Report on Workshop 10 @ RIC 2013 23/11/13
I hope this is a fair and accurate assessment of the workshop. Thanks are due to our guest speakers and to all contributors and attendees. I hope everyone found it a worthwhile meeting. Comments and further discussion are welcomed. Duncan McCabe
Speakers: Adam Majo (IPTC/CUP), Igor Zulaika (Sortu), Myrto Tsakatika (Syriza), Emily MacIntosh (Press officer EUL/NGL).
Facilitator; Duncan McCabe (Radical Independence Dundee)
Following a brief introduction from facilitator, Duncan McCabe, the session opened with Adam Majo outlining the current situation in Catalunya, where a growing movement for independence has now reached 52% in the latest opinion polls. Despite this level of support, Adam made it clear that the situation was less cut and dried than in Scotland where a referendum campaign is in progress and the country has clearly delineated borders.
By contrast, in Catalunya, attempts to hold a unilateral referendum have been described as illegal by the socialist PSE/PSOE and the right wing Peoples’ Party (PP), both parties uniting in the Catalan Senate to defeat Popular Unity Candidacy (CUP) proposals. The issue is further clouded by the lack of an agreed boundary for the Catalan nation. The CUP invisage Valencia and the Balearic Islands as being part of a new Catalunya, due to a preponderance of Catalan-speaking people in these areas. There are also areas in southern France which could be similarly considered.
Adam also made clear however that their campaign for independence was not based on ethnic or language grounds, but rather, as with the radical movement in Scotland, seeing diversity as a positive component of a modern society; protecting the weaker and more vulnerable members of the community; encouraging public ownership; taking measures to end austerity programmes; and replacing the constitutional monarchy with a republic.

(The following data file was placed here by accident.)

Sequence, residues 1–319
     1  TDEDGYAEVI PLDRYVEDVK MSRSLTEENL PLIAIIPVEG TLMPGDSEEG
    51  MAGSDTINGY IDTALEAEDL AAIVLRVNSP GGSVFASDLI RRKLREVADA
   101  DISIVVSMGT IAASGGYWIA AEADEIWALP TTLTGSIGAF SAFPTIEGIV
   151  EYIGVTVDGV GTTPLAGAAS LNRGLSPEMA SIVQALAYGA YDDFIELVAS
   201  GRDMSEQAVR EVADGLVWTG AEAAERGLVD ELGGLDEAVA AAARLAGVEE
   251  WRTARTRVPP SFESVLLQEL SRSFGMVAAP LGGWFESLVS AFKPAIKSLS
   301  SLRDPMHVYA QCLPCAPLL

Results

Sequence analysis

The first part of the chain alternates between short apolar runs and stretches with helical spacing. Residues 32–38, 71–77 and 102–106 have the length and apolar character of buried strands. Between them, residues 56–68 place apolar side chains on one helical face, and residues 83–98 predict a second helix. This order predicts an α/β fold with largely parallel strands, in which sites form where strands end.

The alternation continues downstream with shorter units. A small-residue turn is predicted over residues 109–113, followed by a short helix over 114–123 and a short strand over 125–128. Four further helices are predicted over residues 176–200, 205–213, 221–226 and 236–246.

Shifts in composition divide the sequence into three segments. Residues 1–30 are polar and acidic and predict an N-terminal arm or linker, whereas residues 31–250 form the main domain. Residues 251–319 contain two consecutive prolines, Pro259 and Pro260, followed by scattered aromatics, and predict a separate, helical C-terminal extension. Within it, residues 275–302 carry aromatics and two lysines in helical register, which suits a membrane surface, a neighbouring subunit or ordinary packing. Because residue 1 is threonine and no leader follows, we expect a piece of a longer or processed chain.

He also made clear the importance of the Scottish referendum to the Catalan people who await somewhat anxiously the outcome. A no vote would be a major blow to their hopes and would strengthen the hand of the centralists.
On the question of the European Union, the focus of the workshop, Adam made clear that CUP saw it as “the enemy of the people of Europe” and drew a distinction between the EU and other visions of Europe.
Igor Zulaika , from the Basque country – Euskadi, reiterated Adams last point about Europe stating the “the EU is not Europe” and whilst Sortu, as part of the left/nationalist coalition Euskal Herria Bildu sought independence in a European context they saw the EU as being profoundly undemocratic and pursuing the wrong economic goals. While they would accept independence within the EU they would then strive to build alliances with other like-minded countries and political groupings to force change to the direction of the EU.
Igor made clear that the Basques were further away from independence than in Catalunya and a referendum was not likely in the near future.
Myrto Tsakatika , a lecturer at Glasgow University, is a founder of Syriza Scotland and writes on radical left groupings across Europe. Duncan had in his introduction talked about the values which he felt underpinned the radical movement in Scotland, namely community, co-operation and caring, and whilst agreeing with those she added her own additional value of solidarity.
Myrto then expanded on this idea in the European context, suggesting that bonds of solidarity should be built across Europe by radical groups and ordinary people to challenge the neo-liberal hegemony at the heart of the EU: “an internationalism from below”.
She also discussed the position of the Party of the European Left in relation to autonomist movements i.e. the idea that the main division remains that between labour and capital,but that autonomist movements are positive and have our solidarity when they incorporate claims for democratic control.